First Thanksgiving
9:33 am
Tue November 26, 2013

The REAL Feast

Executive Chef J. Young prepares a historically accurate Thanksgiving meal.
Executive Chef J. Young prepares a historically accurate Thanksgiving meal.
Credit Washington & Lee University

As you plan this year’s Thanksgiving dinner, you might want to consider what the Pilgrims really ate. 

At Washington & Lee University, students got a taste of the original feast and found eel and beer were likely part of the meal, but turkey? Maybe not.

Before heading home for the holidays, anthropologist  Allison Bell invited her students to dine on what research shows the pilgrims actually ate.  

“It’s not even clear that there was turkey at the first Thanksgiving in 1621.  There might have been.  The governor sent four men fowling, and at that time probably  geese and duck would have been something that they encountered more easily than wild turkey.”

Potatoes were also absent, and sweet potatoes were unknown to the masses in England and Massachusetts.
 “Sweet potatoes were considered a delicacy at the time.  Only the wealthiest people would have had sweet potatoes.  They were even possibly considered an aphrodisiac in Europe in the early 17th century, having come from South America to Europe.”

Pumpkin pie was not on the menu.

“They would have used stewed pumpkin or  pompion as they called it, maybe some apple cider vinegar or a little salt, but it wouldn’t have been a sweet dish like what we have now.”

And seafood was plentiful. Executive chef Jay Young served steamed mussels, roast duck and game hen stuffed with pear, apple and onion, venison, lima beans, parsnips, carrots and black eyed peas.  He cheated a bit – adding a splash of white wine here and a dash of spice there – luxuries the pilgrims would not have had.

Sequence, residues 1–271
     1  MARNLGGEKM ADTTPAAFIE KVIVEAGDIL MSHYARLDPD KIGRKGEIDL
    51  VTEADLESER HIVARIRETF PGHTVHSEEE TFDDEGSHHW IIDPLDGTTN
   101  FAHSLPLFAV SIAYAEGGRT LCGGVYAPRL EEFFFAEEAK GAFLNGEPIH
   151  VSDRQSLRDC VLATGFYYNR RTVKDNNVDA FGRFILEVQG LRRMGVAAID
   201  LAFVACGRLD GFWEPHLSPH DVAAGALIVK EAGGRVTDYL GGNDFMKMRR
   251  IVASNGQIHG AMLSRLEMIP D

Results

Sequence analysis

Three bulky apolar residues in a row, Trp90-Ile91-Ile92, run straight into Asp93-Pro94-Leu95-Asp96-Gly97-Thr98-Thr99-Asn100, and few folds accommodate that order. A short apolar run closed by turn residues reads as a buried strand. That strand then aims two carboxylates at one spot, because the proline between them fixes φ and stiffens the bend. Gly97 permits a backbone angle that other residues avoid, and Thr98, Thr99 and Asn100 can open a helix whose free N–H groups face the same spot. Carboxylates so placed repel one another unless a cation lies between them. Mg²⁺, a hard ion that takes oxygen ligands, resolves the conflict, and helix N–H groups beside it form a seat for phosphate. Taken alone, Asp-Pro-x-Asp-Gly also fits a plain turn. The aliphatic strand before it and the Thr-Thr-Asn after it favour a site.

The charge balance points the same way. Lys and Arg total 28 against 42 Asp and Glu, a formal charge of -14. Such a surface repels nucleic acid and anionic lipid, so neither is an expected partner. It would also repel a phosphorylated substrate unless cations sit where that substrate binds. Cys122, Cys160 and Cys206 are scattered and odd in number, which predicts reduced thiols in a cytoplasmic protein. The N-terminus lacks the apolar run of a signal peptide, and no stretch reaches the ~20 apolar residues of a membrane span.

“Spices were almost like currency at one time, where you’re getting all of these unique spices from the Orient and the Middle East, so it wasn’t that prevalent.”

Putting this meal together was easy, he says.  The pilgrims used pretty basic cooking techniques, and lunch for 25 is a breeze for a guy who usually oversees meals for six hundred.  He personally prepared six ducks, four game hens, ten pounds of venison and all the fixings.

“This is what I’m here for.  This is the fun part.  You know, food is my love, it’s my passion, so it’s always exciting, always interesting, whether it’s duck of macaroni and cheese.”

Unlike the original Thanksgiving guests, students did not have beer or hard cider, but reviews were good.

For Kennedy Castillo, it was a challenge to master 17th century eating techniques.  “I liked eating my meat with a spoon. The pilgrims probably couldn’t afford forks, because they were pretty new at the time and mostly used in elite classes.”

No one wore traditional garb for the occasion, but if they had, Professor Bell says the look would have been far more exciting than commonly portrayed.  The pilgrims did not wear buckles on their hats or lace collars, but they did favor bright colors, as did the natives, who outnumbered surviving Englishmen at the table by a margin of two to one.
 

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